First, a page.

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Attackers to Target and Avoid in FPL 2023-24

Can we use trends from the past two seasons to identify the forwards and midfielders who look to be undervalued or overpriced for the upcoming campaign?

Arsenal FC v AFC Bournemouth - Premier League
This Arsenal attacking trio greatly rewarded fantasy backers last season. Which players should we predict to perform likewise now?
Photo by David Price/Arsenal FC via Getty Images

Forwards and attacking midfielders are the glory positions vital for success in FPL. But selecting the right ones can be dangerous to navigate, offering a bounty of points but generally at a higher price than defenders and goalkeepers. In theory, the decision is a simple formula: Grab players before or early on in the season who prove to be great values by improving from the past campaign, while avoiding or quickly dropping the ones who by contrast will end up being horrible busts at inflated prices after falling off from a recently prolific performance. Of course, it’s never as easy as we would like it to be. Actually, predicting those results is often pretty damn tricky.

Successful managers don’t always see into the future with perfect vision, but they do get more than their fair share of predictions right. Whether one relies more on intuition or experience, the decision making process for any journey is always helped by having a trusty road map from the onset. What factors should guide us, and which candidates will consequently emerge as good targets to grab or neglect before this upcoming campaign kicks off (or shortly thereafter)?

How Likely (Or Unlikely) Is It For A Star Attacker to Replicate His Previous Success?

I’m going to start by looking at the list of attacking players (forwards and midfielders) who scored 150 points or more during the 2021-22 campaign, and then compare their performances to the following 2022-23 season.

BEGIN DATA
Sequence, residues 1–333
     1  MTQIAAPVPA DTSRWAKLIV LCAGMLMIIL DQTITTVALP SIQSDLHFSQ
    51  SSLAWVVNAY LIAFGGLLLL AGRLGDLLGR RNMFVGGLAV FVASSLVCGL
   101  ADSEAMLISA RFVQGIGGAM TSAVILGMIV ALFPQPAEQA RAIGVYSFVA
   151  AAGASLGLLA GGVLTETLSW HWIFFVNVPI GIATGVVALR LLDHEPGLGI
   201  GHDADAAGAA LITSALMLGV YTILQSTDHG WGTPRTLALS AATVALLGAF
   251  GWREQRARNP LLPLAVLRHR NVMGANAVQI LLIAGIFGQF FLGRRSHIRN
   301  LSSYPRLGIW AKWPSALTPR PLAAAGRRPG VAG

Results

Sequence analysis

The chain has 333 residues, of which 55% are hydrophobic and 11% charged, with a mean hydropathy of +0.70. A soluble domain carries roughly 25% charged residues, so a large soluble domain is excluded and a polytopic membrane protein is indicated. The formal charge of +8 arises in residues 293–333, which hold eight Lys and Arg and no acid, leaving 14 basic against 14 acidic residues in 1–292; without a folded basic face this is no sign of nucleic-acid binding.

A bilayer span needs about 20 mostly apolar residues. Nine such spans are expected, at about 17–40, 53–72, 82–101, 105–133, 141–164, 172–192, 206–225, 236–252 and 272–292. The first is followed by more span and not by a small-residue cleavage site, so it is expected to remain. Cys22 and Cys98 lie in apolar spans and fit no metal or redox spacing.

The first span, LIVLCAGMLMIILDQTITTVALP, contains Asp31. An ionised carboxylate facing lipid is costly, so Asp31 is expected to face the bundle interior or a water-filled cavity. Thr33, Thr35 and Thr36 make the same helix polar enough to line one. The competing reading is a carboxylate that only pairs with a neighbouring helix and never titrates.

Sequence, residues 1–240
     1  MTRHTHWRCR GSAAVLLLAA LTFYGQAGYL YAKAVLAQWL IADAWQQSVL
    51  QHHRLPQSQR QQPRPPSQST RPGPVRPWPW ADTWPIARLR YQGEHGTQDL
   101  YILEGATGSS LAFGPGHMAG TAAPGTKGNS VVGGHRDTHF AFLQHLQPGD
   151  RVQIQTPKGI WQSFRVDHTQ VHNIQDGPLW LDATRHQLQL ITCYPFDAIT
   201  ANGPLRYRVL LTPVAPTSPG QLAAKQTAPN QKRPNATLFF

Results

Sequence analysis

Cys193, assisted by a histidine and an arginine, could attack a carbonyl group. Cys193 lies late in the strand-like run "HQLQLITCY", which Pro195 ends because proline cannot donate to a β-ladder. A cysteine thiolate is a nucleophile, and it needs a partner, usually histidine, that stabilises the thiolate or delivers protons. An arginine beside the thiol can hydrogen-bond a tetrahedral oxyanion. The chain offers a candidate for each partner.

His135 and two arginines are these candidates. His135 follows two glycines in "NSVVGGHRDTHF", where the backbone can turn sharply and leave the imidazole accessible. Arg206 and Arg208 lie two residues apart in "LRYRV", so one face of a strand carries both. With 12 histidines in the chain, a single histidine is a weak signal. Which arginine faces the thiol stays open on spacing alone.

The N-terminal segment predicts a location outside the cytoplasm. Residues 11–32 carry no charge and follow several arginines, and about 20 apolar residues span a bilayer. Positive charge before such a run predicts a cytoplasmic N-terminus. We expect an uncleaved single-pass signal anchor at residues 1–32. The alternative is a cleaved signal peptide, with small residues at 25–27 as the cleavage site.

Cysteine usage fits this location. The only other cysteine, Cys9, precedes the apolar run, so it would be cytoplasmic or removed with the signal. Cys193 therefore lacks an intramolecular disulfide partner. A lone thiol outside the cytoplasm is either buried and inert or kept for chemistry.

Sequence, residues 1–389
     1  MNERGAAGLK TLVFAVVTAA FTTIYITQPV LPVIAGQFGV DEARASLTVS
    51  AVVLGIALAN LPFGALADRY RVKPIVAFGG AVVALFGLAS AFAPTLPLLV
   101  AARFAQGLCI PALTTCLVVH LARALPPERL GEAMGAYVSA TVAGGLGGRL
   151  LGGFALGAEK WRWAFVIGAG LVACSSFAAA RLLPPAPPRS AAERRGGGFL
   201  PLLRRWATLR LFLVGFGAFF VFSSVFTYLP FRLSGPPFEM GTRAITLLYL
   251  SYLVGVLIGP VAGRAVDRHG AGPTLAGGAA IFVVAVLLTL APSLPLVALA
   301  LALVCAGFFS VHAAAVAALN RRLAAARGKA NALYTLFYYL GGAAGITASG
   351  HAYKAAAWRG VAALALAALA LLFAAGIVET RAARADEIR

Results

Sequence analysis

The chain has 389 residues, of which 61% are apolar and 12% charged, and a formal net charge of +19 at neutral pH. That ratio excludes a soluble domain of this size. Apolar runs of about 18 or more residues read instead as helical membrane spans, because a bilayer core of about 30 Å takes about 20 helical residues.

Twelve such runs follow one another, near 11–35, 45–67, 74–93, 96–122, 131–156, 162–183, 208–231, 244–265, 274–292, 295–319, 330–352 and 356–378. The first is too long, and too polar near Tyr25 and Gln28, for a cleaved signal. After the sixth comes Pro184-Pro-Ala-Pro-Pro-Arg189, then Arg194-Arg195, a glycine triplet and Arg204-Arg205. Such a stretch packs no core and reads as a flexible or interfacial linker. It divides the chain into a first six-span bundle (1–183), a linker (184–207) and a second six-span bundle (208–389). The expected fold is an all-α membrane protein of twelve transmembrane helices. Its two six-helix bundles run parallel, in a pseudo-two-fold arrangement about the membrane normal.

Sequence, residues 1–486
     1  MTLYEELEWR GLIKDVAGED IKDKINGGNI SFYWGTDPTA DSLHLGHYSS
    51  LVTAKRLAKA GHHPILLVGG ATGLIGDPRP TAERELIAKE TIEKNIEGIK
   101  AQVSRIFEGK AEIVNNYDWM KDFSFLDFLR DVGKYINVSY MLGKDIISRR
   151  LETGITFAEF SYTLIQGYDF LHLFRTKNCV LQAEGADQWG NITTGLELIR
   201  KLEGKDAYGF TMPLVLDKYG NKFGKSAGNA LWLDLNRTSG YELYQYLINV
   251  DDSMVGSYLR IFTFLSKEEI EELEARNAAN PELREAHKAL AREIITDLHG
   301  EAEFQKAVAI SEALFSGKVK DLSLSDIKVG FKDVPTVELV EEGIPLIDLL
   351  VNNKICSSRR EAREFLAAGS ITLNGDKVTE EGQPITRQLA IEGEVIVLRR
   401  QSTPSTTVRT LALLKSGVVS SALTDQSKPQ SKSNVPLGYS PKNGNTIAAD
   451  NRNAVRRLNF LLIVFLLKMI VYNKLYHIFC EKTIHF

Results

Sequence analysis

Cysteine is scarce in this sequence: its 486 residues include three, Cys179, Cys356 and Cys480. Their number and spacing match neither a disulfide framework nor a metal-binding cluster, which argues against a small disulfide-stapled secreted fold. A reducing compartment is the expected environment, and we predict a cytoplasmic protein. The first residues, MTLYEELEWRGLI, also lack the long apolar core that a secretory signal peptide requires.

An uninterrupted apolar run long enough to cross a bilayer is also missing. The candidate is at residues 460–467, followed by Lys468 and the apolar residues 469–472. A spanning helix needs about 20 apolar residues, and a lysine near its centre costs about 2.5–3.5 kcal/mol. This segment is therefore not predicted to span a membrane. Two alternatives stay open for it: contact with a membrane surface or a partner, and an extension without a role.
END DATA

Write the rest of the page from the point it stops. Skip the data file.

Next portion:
150+ Point Scoring Attackers in 2021-22 and Comparison to 2022-23

PLAYER POS TEAM(S) 2021-22 PTS 2022-23 PTS PTS. DIFF. 2021-22 PPG 2022-23 PPG PPG DIFF.
PLAYER POS TEAM(S) 2021-22 PTS 2022-23 PTS PTS. DIFF. 2021-22 PPG 2022-23 PPG PPG DIFF.
Salah MF LIV 265 239 -26 7.57 6.29 -17%
Son MF TOT 258 152 -106 7.37 4.22 -43%
Bowen MF WHU 206 145 -61 5.72 3.82 -33%
De Bruyne MF MCI 196 183 -13 6.53 5.72 -12%
Kane FW TOT 192 263 71 5.19 6.92 33%
Maddison MF LEI 181 135 -46 5.17 4.50 -13%
Saka MF ARS 179 202 23 4.71 5.32 13%
Jota MF LIV 175 80 -95 5.00 3.64 -27%
Mount MF CHE 169 82 -87 5.28 3.42 -35%
Sterling MF MCI/CHE 163 101 -62 5.43 3.61 -34%
C. Ronaldo FW MUN 159 20 -141 5.30 2.00 -62%
Ward-Prowse MF SOU 159 142 -17 4.18 3.94 -6%
B. Silva MF MCI 155 106 -49 4.43 3.12 -30%
B. Fernandes MF MUN 151 176 25 4.19 4.76 13%
Zaha MF CRY 150 95 -55 4.55 3.52 -23%
AVERAGE MF/FW ALL 183.9 141.4 -42.5 5.40 4.32 -19%

[NOTE: The above chart does not include Liverpool’s Sadio Mané who scored 183 points in 2021-22 but did not play in the EPL in 2022-23.]

Harry Kane, Bukayo Saka and Bruno Fernandes not only repeated as 150+ point performers, but they actually improved their production. However, those three were outliers who bucked the trend. Of the 15 attackers who scored 150+ points in 2021-22 and remained in the EPL the following season, 12 (80%) suffered a decline in production in 2022-23. Overall (including those who improved), the average difference was a drop of 42.5 points, translating to a 23% plunge, along with a 1.08 drop in points per game (-19%). Ten players fell by 25+ points, with seven plummeting by 50+ points.

Is there a way we can identify which attacking studs from the last campaign are most likely to disappoint in this one? Is there a type of player we should have in mind for our “pass” list? Let’s focus on the stars who fell off from 2021-22 to 2022-23 and see if we can unearth some commonalities. After trimming down the list from above to laser in on the dozen 150+ point attackers from 2021-22 who declined in 2022-23, we see that the falloff club collectively dropped from an average of 186.3 down to 123.3 points (-34%) and from 5.53 down to 4.17 points per game (-25%).